Graduate from Caribou finds University of New England a pathway to serving rural Maine

2 weeks ago

By Emme Demmendaal, UNE senior writer and editor

University of New England student Jillian Flynn has known for a long time that she wanted to work in rural health care.

“Health care has always been a part of me and what I was going to do; there was never really a question,” said Flynn, who is from Caribou and graduated from UNE with a master of science physician assistant on Saturday. 

While her connection to health care began early — influenced by her father’s career as a primary care doctor — figuring out what she wanted in health care took longer. 

While shadowing a physician assistant back home in Aroostook County, the most northern county in Maine, Flynn’s path into health care crystalized as she saw the level of impact a PA could have in rural health care and the community.

“I immediately knew that becoming a physician assistant was exactly what I wanted to do,” she said. “I saw how the PA role could make a significant impact by addressing the unique challenges and serving the underserved communities that are often overlooked.”

Jillian Flynn (M.S.PA.,’ 24) plans to use the skills she learned at UNE to work in underserved communities in Maine. (Courtesy of UNE)

Flynn said that deciding on UNE’s Physician Assistant program was easy because of the University’s dedication to rural health care education.

“I think it is really cool that UNE’s PA program not only has an emphasis on rural health — it’s in their mission statement,” she said, sharing that each student in the program is required to complete at least one rural clinical rotation. 

“It’s so important for all health care providers to understand rural medicine because … up here, you have to wear a lot of different hats, resources are different than (other places), and there are a lot of challenges for people to travel for care,” she said.

The PA program at UNE challenged Flynn, she said, but it also provided her with the interprofessional skills necessary to succeed. She pointed to UNE’s Interprofessional Simulation and Innovation Center — which provides students with opportunities to engage in team-based simulations that develop their critical thinking, communication, and problem-solving skills for professional practice — as one example.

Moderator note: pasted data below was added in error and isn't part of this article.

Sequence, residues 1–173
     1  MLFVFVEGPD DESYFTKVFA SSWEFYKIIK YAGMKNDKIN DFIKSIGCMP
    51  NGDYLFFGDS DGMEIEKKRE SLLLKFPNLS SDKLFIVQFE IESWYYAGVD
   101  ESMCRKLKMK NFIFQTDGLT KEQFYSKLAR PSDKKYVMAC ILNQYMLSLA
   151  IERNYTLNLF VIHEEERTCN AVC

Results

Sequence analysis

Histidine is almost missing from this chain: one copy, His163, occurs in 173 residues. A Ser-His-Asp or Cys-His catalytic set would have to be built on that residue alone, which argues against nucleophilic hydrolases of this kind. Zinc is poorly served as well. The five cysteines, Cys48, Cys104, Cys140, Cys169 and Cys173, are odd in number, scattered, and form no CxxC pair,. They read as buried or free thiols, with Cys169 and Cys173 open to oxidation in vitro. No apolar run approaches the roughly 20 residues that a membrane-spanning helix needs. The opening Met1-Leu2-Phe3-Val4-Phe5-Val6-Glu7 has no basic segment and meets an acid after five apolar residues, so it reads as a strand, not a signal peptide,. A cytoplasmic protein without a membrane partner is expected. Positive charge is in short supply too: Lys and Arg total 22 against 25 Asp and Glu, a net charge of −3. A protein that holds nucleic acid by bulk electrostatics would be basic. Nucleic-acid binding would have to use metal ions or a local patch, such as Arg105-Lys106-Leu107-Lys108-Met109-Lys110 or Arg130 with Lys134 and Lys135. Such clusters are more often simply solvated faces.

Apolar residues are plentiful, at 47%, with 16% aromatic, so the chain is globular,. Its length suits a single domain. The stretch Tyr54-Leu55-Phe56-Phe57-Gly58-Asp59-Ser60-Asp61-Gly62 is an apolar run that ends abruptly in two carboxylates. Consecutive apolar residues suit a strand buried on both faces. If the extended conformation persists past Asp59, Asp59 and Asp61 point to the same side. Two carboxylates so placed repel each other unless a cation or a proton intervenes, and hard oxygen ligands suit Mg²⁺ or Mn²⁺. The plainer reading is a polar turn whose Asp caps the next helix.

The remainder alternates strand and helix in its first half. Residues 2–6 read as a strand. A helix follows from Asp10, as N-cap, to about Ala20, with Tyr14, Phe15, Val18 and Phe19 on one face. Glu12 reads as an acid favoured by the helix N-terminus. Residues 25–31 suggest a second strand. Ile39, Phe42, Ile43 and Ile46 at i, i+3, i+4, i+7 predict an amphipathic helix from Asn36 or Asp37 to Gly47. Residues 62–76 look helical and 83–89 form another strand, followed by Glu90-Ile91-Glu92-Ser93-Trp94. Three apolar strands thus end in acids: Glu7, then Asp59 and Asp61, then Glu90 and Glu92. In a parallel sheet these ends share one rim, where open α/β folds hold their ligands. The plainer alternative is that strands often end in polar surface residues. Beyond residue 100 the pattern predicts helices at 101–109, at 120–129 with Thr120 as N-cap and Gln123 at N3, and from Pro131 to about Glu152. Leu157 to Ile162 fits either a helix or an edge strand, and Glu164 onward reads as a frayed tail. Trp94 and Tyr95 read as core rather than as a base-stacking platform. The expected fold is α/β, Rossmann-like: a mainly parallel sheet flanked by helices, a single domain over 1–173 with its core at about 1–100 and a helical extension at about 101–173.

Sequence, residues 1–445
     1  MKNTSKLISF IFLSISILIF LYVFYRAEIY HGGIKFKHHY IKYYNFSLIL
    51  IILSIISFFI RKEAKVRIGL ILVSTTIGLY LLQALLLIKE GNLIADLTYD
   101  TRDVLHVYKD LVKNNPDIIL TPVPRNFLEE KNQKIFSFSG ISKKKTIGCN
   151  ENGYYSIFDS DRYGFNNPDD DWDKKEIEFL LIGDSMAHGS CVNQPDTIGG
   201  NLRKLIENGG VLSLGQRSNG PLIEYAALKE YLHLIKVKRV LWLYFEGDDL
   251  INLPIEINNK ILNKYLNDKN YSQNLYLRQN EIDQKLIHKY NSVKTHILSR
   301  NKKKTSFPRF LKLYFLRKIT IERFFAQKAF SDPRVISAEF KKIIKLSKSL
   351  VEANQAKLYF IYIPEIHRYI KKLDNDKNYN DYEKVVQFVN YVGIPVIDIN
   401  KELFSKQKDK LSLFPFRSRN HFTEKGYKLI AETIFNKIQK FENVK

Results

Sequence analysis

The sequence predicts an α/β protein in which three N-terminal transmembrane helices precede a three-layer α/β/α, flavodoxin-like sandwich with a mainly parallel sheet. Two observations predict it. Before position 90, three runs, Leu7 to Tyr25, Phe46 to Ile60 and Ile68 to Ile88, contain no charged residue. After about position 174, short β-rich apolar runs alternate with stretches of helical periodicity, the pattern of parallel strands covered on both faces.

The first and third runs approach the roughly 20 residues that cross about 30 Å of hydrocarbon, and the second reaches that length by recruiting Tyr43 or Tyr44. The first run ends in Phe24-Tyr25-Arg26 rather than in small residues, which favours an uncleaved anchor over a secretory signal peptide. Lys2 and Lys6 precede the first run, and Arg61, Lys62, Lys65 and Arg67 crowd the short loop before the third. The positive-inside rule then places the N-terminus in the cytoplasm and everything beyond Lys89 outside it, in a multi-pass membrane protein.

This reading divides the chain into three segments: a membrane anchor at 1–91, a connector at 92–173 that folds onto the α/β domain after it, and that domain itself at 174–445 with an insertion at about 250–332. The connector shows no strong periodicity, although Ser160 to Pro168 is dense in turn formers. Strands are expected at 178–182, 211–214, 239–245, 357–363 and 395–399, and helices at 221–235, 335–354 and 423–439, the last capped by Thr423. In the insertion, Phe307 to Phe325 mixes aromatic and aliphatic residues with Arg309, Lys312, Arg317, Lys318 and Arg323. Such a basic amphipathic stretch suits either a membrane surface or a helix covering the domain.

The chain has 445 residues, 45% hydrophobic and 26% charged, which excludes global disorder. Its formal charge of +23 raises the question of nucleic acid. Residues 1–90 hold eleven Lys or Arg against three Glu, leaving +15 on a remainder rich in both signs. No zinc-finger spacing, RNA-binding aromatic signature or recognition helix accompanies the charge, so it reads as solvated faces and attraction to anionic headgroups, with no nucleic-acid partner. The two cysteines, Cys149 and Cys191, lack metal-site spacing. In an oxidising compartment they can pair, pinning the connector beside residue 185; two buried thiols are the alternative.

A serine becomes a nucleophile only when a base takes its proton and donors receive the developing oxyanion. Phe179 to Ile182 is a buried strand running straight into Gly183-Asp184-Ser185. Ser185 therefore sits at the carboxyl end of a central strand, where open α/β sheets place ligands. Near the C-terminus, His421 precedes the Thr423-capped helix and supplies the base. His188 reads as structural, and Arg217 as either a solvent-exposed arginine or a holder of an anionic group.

“The opportunities we are given to provide interprofessional care and make those connections between specialties is huge and life-changing for our future patients,” she said. “And the interprofessional work and opportunities to provide care at UNE were unmatched, and they have prepared me to make a positive impact in the future of medicine,” Flynn said.

Flynn said that going back to learn in the community where she grew up has felt like a unique experience and credits UNE’s rural PA program track, a pathway that started in 2021 thanks to a grant from the Health Resources and Service Administration or HRSA. 

“It has been really rewarding to be back up here and give back to the community that helped raise me,” she said. 

Flynn’s rural clinical rotations have also provided her with a diverse range of experiences, from family medicine to surgery, and the opportunity to work with preceptors, who are experienced practitioners who provide supervision during clinical practice. 

Flynn said that the HRSA grant requirements played a significant role in applying her learning in real-world settings through community health care opportunities. One memorable experience was providing sports physicals for the community’s youth hockey players.

“Just connecting with the community again on the two things that I love — health care and hockey — was really rewarding,” Flynn said, emphasizing the importance of making health care a positive experience for young patients. “When a child has a negative experience with a health care provider, I believe that can carry onto adulthood. I was able to build rapport and discuss hockey before addressing medical concerns.”

Elizabeth Held, M.A., PA-C, assistant clinical professor and clinical coordinator at UNE, said that Flynn’s passion for serving rural communities and interprofessional education made her an example of what the rural PA track is all about.

“I know when Jillian graduates, she is going to be an excellent PA,” Held said. “She has really loved interactions with her patients, but her patients love her, too. I hear over and over and over again, ‘Oh, I can’t wait until she’s a PA. Maybe she’ll be practicing here.’”

Flynn said clinical rotations in rural Maine allowed her to reconnect with her roots and gain a better understanding of the challenges of rural medicine. Her experiences have prepared her to take her first step into rural health care at Great Oak Family Medicine in Oakland when she crosses the stage at graduation. 

“UNE provided me with incredible professors and classmates who pushed me to excel,” she said. “I am grateful for the support and education I received at UNE, which has helped me become a successful PA.”